Red Sox News: Options to boost outfield offensive production

BOSTON, MASSACHUSETTS - APRIL 16: Jackie Bradley Jr. #19, Enrique Hernandez #5 and Alex Verdugo #99 of the Boston Red Sox run in from the outfield after their victory over The Minnesota Twins at Fenway Park on April 16, 2022 in Boston, Massachusetts. (Photo by Omar Rawlings/Getty Images)
BOSTON, MASSACHUSETTS - APRIL 16: Jackie Bradley Jr. #19, Enrique Hernandez #5 and Alex Verdugo #99 of the Boston Red Sox run in from the outfield after their victory over The Minnesota Twins at Fenway Park on April 16, 2022 in Boston, Massachusetts. (Photo by Omar Rawlings/Getty Images) /

Searching options to boost Red Sox outfield production

The Boston Red Sox are on a roll, at least from May 10th of this season. How quickly it can turn around in either direction, and this one has been a wonder. The Red Sox have catapulted themselves into the playoff hunt and have blasted through the .500 level of play.

Each broadcast, the ad nauseum banter mentions the remarkable change in the offense dynamic. Or, to quote Dennis Eckersley with his usual and now nerve-racking reiteration, “It’s a beautiful thing.” Yes, it is despite the tiring replication.

The numbers play it out since that fateful line in the sand day in May. The Red Sox are duplicating their historic brethren by clubbing teams and leading the American League or near it in every offensive category. And that pitching may not be stellar but more than passable, but something is amiss in the lineup.

Rafael Devers, J.D. Martinez, Xander Bogaerts, and Trevor Story (occasionally) are blissful pounding away. A juggernaut of offense that is fun watching unless you are on the hill overlooking a slider go into the night. Three of the aforementioned are infielders, and one is a designated hitter. Where oh where are the club brothers from the outfield?

According to FanGraphs, they are comfortably in 13th place among American League outfield contingents. Collectively they have a 0.5 fWAR. The 77 wRC+, .281 wOBA, .353 Slugging, and 15 home runs are among the worst in the AL. There is no need for cherry-picking stats since “It’s not a beautiful thing.”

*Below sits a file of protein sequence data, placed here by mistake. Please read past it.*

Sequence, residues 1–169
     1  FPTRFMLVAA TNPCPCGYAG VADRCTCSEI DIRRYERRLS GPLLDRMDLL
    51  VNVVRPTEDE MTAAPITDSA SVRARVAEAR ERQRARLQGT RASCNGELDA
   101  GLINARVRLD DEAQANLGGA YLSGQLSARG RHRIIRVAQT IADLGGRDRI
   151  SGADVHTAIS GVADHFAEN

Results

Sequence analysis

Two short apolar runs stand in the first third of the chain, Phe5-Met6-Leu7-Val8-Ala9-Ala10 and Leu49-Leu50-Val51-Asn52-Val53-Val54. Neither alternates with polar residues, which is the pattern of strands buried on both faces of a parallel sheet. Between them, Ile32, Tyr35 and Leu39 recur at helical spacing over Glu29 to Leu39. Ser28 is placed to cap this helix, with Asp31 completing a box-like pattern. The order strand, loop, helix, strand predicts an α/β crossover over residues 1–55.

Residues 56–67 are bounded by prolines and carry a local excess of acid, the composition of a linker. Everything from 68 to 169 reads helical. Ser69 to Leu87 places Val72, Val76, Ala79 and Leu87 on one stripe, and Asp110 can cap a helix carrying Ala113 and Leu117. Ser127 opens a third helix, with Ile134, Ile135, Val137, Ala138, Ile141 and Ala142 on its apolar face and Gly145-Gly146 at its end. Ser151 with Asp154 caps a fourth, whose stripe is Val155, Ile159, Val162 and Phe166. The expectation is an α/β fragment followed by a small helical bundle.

There is a collective effort on this morass. Enrique Hernandez is well behind last year’s numbers as his 71 wRC+ is well below the 110 wRC+ of 2021. Franchy Cordero seems to have hit a snag or reverted to what Cordero has always been. Jackie Bradley Jr. is JBJ, which translates to a leather glove and rubber bat. Christian Arroyo is flirting with the Mendoza Line, and Alex Verdugo is another wRC+ casualty.

The defense is solid enough and, in metrics, among the best in the AL if you genuflect before the altar of UZR/150. In 2021 even without JBJ, the outfield was not defensive chopped liver with a ranking of seventh.

Last year the defense didn’t have Bradley, but the offense had Hunter Renfroe; now, the loss of Renfroe and a degrading performance by those previously mentioned have impacted the outfield numbers. Those Renfroe home runs and RBI are missing, and Jarren Duran and Rob Refsnyder are not going to replace them.

I did not care for the Renfroe deal but could understand it with the two prospects that were part of the package. Long term, it may be an exceeding smart move by Chaim Bloom, but short term, it is not. Is Jason Bay still available?

Where do you get a productive – preferably – right-hand bat with power and a glove that is not a decoration? Aaron Judge would fit perfectly, but so would I winning Power Ball. There are about 20 teams that have a reasonable target of being in the playoffs, so I tend to dismiss transactions in that direction. I look to the “Sisters of The Poor,” or those teams whose only slim chance of making the playoffs is to join the Korean Baseball Organization.

I would first go south for my speculation to Charm City and switch-hitting Anthony Santander. Santander has this season bumped up to an 11.2 BB%, has hit 11 home runs, and has not been a defensive disaster. Santander is approaching heavy money arbitration and could be a nice band-aid for a season or two.

The Reds have veteran Tommy Pham, and the 34-year-old could provide some reasonable power depth for the Red Sox outfield. He’s slashing .250/.346/.415 with eight home runs this season. Pham has some brutal Fenway Park numbers (.180), but age and salary ($6 MM) could make this a 10-20 range prospect deal. A better option than Santander.

The Pittsburgh Pirates have an “Oh my God, what would it take?” guy in switch-hitting center fielder Bryan Reynolds. Reynolds is in the first year of a two-year deal ($13.5 MM) and has good power numbers. Prying him loose from the Pirates would be quite a task. But, hey – I can dream.

Righty Randal Grichuk can bring back memories as Grichuck slugged 90 home runs (2018-2021) for Toronto before being shipped to the Rockies. Grichuck is a free swinger (career 5.6 BB%/26.6 K%) and has “meh” defensive stats, but it could be cheap, especially with the Jays funding some of the contract already. Grichuck, like Pham, is a former Cardinal, always a plus.

Is there buyer’s remorse in Miami after signing Jorge Soler? Soler is a former World Series MVP, AL home run champion, and AL whiff leader. Soler is a human mountain of muscle, demonstrated when he connects. Soler can also make Manny Ramirez look like the high water mark for outfield defensive competency (career -30 DRS). As much as Soler can provide the bat, there are far too many negatives to this DH full-time in waiting and a heavy contract. Nope.  A no-goes for me.

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That’s my shortlist, but there are undoubtedly possible free agents in waiting who could be tossed into the mix, but Pham would be my pick. The money is no crushing issue, and Pham’s cost in prospect gold would be limited. Pham won’t kill you on defense and still can smoke the ball enough to boost the Red Sox outfield offensive numbers.